COVID-19 Pandemic Offers Opportunity for Green Growth Economy
House Committee for Inter-Parliamentary Cooperation (BKSAP) Chair, Fadli Zon (sixth from right), takes a photo group at the Focus Group Discussion with the theme of Green Growth Economy co-convened by the BKSAP and its international partners and organizations including Global Green Growth Institute (GGGI) and Organization for Economic Co-Operation and Development (OECD) in Bali, Wednesday (23/9/2020). Photo: Abu/Man
The COVID-19 pandemic presented an opportunity for a transition to a green growth economy to achieve Sustainable Development Goals (SDGs), particularly those relating to climate change issues, said House Committee for Inter-Parliamentary Cooperation (BKSAP) Chair, Fadli Zon.
He spoke at the Focus Group Discussion on Green Growth Economy, an event co-convened by BKSAP and its international partners and organizations including Global Green Growth Institute (GGGI) and Organization for Economic Co-Operation and Development (OECD) in Bali, Wednesday (23/9/2020).
“The COVID-19 pandemic is obviously unexpected, forcing most countries to impose restrictions and lockdown,” he said. “However, because of the pandemic, we also had a chance to enjoy fresh air and green climate for a few months earlier this year. So, the pandemic also offers us an opportunity to seriously make our planet green again while maintaining the economic growth.”
The discussion was joined by other BKSAP Members notably from the International Organization Working Committee of the House. Two deputy chairs of BKSAP, Putu Supadma Rudana and Mardani Ali Sera, also attended the event.
The FGD that was organized collaboratively by BKSAP, Westminster Foundation for Democracy (WFD), Institute for Peace and Democracy (IPD), and Warmadewa University focused on two significant endeavors related to the role and contribution of international organizations to Indonesia in strengthening interconnectedness between society and policies towards the achievement of green growth.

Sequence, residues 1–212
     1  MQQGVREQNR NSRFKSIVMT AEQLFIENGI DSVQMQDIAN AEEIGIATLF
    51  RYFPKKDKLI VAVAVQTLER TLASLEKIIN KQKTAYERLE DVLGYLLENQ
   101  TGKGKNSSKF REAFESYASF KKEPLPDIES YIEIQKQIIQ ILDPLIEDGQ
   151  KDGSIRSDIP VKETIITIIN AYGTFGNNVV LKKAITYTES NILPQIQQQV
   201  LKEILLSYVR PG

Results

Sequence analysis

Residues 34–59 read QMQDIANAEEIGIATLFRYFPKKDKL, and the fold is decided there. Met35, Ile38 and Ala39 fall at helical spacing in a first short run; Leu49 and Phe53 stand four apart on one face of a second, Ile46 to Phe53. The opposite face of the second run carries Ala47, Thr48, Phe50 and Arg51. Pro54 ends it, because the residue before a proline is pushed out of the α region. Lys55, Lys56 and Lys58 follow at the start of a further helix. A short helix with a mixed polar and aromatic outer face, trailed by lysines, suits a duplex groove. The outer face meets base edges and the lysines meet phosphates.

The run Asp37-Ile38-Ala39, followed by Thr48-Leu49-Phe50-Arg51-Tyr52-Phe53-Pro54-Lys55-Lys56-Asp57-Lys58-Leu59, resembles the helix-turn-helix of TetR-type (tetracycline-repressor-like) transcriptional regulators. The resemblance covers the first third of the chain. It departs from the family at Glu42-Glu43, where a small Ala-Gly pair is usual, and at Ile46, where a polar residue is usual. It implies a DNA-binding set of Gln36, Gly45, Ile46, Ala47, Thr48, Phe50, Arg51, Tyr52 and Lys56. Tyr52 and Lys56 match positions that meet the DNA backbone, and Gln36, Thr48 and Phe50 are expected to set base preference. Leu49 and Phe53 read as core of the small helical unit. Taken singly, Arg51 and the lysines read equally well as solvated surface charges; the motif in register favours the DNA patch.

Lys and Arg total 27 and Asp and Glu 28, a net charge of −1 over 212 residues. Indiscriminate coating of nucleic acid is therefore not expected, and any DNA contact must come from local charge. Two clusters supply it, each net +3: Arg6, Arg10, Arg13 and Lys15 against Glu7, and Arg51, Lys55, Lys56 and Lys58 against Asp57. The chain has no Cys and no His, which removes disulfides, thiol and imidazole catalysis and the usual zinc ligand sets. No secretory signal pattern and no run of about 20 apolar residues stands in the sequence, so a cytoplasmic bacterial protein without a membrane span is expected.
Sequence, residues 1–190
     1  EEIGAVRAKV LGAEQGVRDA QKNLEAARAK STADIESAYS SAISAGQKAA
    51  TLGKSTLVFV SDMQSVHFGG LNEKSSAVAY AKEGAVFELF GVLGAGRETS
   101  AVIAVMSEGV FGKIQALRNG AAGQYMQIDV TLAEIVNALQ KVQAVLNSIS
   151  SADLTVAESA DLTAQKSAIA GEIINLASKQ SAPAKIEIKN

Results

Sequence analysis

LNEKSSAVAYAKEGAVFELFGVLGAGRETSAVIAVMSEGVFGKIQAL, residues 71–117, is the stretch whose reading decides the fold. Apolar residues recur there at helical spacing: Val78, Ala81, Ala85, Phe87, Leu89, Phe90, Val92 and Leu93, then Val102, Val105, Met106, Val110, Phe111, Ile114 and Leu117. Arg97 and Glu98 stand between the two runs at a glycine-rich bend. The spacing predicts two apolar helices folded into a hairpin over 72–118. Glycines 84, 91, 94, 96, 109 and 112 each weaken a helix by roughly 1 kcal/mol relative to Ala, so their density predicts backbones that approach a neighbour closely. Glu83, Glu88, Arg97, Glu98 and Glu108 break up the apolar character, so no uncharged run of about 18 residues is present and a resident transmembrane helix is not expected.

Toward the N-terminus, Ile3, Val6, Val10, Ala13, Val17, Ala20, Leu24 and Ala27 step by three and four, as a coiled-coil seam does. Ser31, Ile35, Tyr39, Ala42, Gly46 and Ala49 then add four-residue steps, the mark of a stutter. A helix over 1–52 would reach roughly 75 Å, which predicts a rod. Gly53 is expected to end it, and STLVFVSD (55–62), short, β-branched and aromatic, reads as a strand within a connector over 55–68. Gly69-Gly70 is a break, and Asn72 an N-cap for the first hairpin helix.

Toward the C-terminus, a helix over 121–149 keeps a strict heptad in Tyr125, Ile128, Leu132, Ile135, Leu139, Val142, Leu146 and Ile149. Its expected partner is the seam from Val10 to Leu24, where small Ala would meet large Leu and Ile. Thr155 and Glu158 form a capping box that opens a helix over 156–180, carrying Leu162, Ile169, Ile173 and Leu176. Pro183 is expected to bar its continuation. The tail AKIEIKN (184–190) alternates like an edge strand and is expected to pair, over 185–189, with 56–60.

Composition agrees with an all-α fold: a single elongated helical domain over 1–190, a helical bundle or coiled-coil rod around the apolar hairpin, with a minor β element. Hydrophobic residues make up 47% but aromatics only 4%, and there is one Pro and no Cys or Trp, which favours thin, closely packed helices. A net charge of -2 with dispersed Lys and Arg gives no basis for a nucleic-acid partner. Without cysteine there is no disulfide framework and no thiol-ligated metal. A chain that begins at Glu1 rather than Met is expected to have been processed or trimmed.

In keeping with the initiative, Mr. Zon stated that Indonesia has committed to reducing carbon emissions and that it has showed its commitment to climate change by submitting its Nationally Determined Contribution (NDC) to the international community as part of the implementation of the Paris Agreement.
"We are committed to reducing carbon emissions by 29 percent under normal circumstances and 41 percent with international support by 2030. Now, we will take an in-depth look at how the International Organization can contribute to this issue and what roles they can play in Indonesia in balancing its green policy and economic growth," he asserted.
Mr. Zon also mentioned how the pandemic changed the state budget components for future implementation. The House needs to measure the extent to which the fiscal stimulus favors carbon reduction efforts that are in line with NDCs. "Will there be green economic stimulus? Are there going to be other policies that support green growth during the pandemic?" the BKSAP chair asked inquisitively.
The Great Indonesia Movement Party politician conveyed his expectation for policies that are more inclusive, clear, visible, and science-based, as well as environmentally friendly. Since climate policy will affect the public at large, he believes there should be an effort to bridge the policymaking process and the society. The BKSAP, in this regard, seeks to learn from best practices in other countries, including the United Kingdom (UK), as part of its effort to increase public engagement in the policymaking process.
In his elaboration, Mr. Zon made some remarks about the UK’s Climate Assembly. It is an initiative created by UK parliament in 2019 to increase public engagement and to accomodate the interests of English people in regard to the UK’s target of achieving net zero emissions by 2050.
In the same spirit, BKSAP believes in the importance of public participation as an implementation of international commitment and in promoting green economic growth in Indonesia. The committee also looks forward to a society that is more connected with policymakers, which in turn will also strengthen democracy. Therefore, the people will play an active role in developing the country and creating a prosperous society.
“The UK’s Assembly represents the people and the innovation (to create such assembly) has inspired BKSAP to explore more about strengthening deliberative democracy,” Mr. Zon concluded. (ann/es)